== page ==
Iran to implement new restrictions as COVID-19 cases surge
Coronavirus restrictions continue to mount across Iran as the country battles major wave of infections.
Tehran, Iran – Iranian President Hassan Rouhani has announced new restrictions across the country in a bid to halt a surge in the number of coronavirus infections and related deaths.
The curbs announced on Saturday during a televised meeting of the national coronavirus task force will affect 46 counties spread out across 25 of Iran’s 31 provinces.
Starting on Wednesday, cinemas, cafes, gyms and pools in those counties will remain shut for 10 days. Events and gatherings will also be suspended while educational facilities will move classes online.
All of the provinces that will be hit with new restrictions are still classified as red in a colour-coded scale denoting the severity of outbreaks.
On Saturday, health ministry spokeswoman Sima Sadat Lari announced 386 new deaths, bringing the total close to 35,000 since the first coronavirus cases were announced in February. Another 7,820 new infections were confirmed, which means 612,772 coronavirus cases have been officially identified so far.
The highest single-day death toll was recorded on October 28 when 415 patients died. A highest single-day infection figure of 8,293 was recorded a day later.
The number of daily COVID-19 infections in Iran has more than quadrupled in less than two months, according to data released by the health ministry.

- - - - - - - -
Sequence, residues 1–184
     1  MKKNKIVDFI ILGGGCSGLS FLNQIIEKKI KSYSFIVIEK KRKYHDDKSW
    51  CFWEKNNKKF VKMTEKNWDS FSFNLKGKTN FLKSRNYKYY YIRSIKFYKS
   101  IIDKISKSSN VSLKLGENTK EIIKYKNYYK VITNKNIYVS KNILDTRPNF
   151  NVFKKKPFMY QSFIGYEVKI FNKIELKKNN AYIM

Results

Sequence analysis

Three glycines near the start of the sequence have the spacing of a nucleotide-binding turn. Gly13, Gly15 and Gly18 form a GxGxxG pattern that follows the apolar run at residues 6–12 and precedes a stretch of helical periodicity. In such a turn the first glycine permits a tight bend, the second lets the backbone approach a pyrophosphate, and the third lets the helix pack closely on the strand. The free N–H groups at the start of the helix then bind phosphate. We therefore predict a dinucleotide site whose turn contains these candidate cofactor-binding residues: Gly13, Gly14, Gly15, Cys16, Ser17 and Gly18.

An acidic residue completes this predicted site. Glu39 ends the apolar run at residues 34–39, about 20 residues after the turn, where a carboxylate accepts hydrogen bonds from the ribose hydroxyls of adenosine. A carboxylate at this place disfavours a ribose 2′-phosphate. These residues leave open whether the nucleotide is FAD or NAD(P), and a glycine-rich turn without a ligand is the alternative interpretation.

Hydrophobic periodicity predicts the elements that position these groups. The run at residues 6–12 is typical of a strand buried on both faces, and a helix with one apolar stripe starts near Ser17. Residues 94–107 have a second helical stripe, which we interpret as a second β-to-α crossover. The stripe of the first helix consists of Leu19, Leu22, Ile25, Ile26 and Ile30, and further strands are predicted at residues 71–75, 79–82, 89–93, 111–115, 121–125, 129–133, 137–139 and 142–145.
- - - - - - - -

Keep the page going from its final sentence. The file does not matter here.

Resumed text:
Restrictions for Tehran
On October 23, the government imposed new restrictions on the capital, Tehran.
All state organisations in Tehran were ordered to operate with 50 percent workforce at the premises from October 26 while allowing government workers to come in every alternate day for almost a month.
This was in addition to a mandatory city-wide mask rule and fines for violators – both citizens and business owners – that is still in place.
On Saturday, members of Parliament representing Tehran lodged a formal request with the national coronavirus task force to shut down the capital for two weeks to curb the spread of the virus.
“The government has implemented a number of health protocols to control the coronavirus, but they are not enough, so the council of Tehran representatives has proposed a two-week shutdown,” Tehran member of Parliament Nezamoldin Mousavi told Tasnim news.
Earlier this month, Tehran city council chief Mohsen Hashemi had also called for a two-week complete shutdown of the metropolis.
Tehran police chief Hossein Rahimi said last week “there are no plans to [completely] shut down Tehran” but said police officers will act more decisively in imposing fines against violators.
On October 23, restrictions were also imposed on 43 high-risk counties that were ordered to shut down all non-essential businesses from October 26 for a week. Those restrictions were extended for another week on Saturday.
Last week, Iranian Supreme Leader Ayatollah Ali Khamenei held a rare face-to-face meeting with members of the national coronavirus task force.
Among other things, he ordered the formation of an “operational headquarters” to monitor implementation of guidelines as implementation has been patchy across the country.
Interior Minister Abdolreza Rahmani Fazli has since been mandated by the president to lead the headquarters.
On Saturday, Rouhani admitted there have been lags and challenges in implementing approved restrictions, but said the situation will improve after the headquarters was formed.